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Finally, a preabelian category is abelian if every monomorphism and every epimorphism is normal. This means that every monomorphism is a kernel of some morphism, and every epimorphism is a cokernel of some morphism.
Note that the enriched structure on hom-sets is a consequence of the first three axioms of the first definition. This highlights the foundational relevance of the category of Abelian groups in the theory and its canonical nature.
The concept of exact sequence arises naturally in this setting, and it turns out that exact functors, i.e. the functors preserving exact sequences in various senses, are the relevant functors between Abelian categories. This exactness concept has been axiomatized in the theory of exact categories, forming a very special case of regular categories.
As mentioned above, the category of all abelian groups is an abelian category. The category of all finitely generated abelian groups is also an abelian category, as is the category of all finite abelian groups.
If C is a small category and A is an abelian category, then the category of all functors from C to A forms an abelian category. If C is small and preadditive, then the category of all additive functors from C to A also forms an abelian category. The latter is a generalization of the R-module example, since a ring can be understood as a preadditive category with a single object.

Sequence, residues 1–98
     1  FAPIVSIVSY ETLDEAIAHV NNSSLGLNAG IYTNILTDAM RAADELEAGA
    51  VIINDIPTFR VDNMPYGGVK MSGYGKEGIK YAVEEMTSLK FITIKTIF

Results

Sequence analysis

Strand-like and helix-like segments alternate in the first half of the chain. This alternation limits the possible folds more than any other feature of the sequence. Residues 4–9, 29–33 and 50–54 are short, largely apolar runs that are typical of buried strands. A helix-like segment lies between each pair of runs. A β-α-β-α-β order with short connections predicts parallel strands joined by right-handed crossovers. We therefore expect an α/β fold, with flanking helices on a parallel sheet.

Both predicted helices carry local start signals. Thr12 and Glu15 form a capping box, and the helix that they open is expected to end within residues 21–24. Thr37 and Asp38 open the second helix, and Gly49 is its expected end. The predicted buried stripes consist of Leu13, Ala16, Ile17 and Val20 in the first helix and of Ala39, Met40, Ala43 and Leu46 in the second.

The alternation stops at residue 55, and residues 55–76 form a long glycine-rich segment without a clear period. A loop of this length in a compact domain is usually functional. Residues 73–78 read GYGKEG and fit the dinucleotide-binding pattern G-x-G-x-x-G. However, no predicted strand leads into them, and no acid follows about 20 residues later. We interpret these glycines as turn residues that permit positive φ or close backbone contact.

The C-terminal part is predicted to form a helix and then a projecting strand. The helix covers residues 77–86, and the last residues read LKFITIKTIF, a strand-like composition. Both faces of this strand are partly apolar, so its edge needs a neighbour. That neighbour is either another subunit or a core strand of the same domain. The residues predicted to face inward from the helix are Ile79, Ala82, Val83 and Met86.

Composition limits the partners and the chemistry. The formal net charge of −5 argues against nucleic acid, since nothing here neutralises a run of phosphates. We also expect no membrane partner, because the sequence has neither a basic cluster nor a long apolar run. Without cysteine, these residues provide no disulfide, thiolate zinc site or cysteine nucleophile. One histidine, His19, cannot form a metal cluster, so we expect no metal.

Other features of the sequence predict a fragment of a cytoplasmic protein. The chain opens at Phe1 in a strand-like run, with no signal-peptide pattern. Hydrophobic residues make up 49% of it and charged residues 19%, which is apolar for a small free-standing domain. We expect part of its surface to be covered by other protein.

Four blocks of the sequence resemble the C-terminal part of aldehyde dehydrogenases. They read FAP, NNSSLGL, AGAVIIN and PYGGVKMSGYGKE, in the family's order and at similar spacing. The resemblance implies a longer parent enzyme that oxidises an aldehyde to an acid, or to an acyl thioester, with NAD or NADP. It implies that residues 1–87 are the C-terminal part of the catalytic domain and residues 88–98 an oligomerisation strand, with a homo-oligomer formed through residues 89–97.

In his T?hoku article, Grothendieck listed four additional axioms (and their duals) that an abelian category A might satisfy. These axioms are still in common use to this day. They are the following:
AB3) For every indexed family (Ai) of objects of A, the coproduct *Ai exists in A (i.e. A is cocomplete).
AB4) A satisfies AB3), and the coproduct of a family of monomorphisms is a monomorphism.
Axioms AB1) and AB2) were also given. They are what make an additive category abelian. Specifically:
AB1) Every morphism has a kernel and a cokernel.
AB2) For every morphism f, the canonical morphism from coim f to im f is an isomorphism.
Grothendieck also gave axioms AB6) and AB6*).
AB6) A satisfies AB3), and given a family of filtered categories and maps , we have , where lim denotes the filtered colimit.
AB6*) A satisfies AB3*), and given a family of cofiltered categories and maps , we have , where lim denotes the cofiltered limit.
Given any pair A, B of objects in an abelian category, there is a special zero morphism from A to B. This can be defined as the zero element of the hom-set Hom(A,B), since this is an abelian group.
Alternatively, it can be defined as the unique composition A -> 0 -> B, where 0 is the zero object of the abelian category.
In an abelian category, every morphism f can be written as the composition of an epimorphism followed by a monomorphism.
This epimorphism is called the coimage of f, while the monomorphism is called the image of f.
Every abelian category A is a module over the monoidal category of finitely generated abelian groups; that is, we can form a tensor product of a finitely generated abelian group G and any object A of A.
The abelian category is also a comodule; Hom(G,A) can be interpreted as an object of A.